Literally translated as “meat bone tea,” bak kut teh is an aromatic pork rib broth found in Singapore and Malaysia, and an idea has floated around my subconscious for some time: Why not enrich this “tea” with actual tea leaves, specifically of the smoked Lapsang souchong variety?
But then a friend suggested I try iribancha, a roasted tea with a rich, fireside flavor (owing to its leaves being heated to their smoking point) that’s beloved in Kyoto.
Bak kut teh is a soup that gets served with sides, but Okinawan soki soba adds ribs and wheat noodles to the broth for a meal in a single bowl. This recipe is a mashup — the spiced rib broth meets smoky tea and kombu for depth and noodles for bulk. It’s worth noting that Okinawan soba does not use buckwheat, a common allergen found in most varieties of soba.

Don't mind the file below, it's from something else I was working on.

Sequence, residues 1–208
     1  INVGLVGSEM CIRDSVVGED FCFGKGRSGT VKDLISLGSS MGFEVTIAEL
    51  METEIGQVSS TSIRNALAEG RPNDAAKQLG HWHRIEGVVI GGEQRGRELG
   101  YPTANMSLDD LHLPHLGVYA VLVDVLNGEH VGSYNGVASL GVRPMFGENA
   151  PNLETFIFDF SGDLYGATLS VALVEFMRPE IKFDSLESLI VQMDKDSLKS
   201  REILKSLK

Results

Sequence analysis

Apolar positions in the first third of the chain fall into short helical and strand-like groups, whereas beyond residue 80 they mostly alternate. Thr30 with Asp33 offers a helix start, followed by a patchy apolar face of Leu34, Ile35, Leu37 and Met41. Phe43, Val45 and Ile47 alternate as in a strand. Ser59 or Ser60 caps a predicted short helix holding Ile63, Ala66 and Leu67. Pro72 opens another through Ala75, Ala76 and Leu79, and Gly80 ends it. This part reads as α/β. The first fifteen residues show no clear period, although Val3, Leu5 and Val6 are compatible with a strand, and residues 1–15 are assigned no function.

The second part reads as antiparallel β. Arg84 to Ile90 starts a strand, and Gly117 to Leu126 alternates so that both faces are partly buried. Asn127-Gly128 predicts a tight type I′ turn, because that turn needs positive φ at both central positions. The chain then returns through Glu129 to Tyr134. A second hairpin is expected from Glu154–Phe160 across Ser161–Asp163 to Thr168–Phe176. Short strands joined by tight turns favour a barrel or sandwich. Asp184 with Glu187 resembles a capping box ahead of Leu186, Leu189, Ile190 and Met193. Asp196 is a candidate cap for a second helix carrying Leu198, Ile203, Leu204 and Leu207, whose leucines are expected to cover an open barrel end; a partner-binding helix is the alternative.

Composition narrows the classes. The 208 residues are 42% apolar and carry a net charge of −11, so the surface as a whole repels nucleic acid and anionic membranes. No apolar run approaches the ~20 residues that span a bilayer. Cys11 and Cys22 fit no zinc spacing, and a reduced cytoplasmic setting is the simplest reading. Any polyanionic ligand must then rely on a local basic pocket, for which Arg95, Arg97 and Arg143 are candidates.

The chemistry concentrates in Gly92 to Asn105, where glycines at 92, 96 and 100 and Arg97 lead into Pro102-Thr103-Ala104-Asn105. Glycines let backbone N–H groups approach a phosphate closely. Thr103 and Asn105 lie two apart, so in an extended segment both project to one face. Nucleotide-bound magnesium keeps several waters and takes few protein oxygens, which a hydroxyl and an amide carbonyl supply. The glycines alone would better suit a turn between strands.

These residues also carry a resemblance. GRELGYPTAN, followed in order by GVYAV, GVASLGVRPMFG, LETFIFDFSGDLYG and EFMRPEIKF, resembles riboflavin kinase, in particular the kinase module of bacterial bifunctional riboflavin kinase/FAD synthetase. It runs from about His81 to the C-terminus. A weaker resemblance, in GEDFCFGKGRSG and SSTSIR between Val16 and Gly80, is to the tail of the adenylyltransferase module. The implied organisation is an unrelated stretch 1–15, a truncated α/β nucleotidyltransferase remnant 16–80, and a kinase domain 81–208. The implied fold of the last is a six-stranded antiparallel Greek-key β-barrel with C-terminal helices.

In a time of both misinformation and too much information, quality journalism is more crucial than ever.
By subscribing, you can help us get the story right.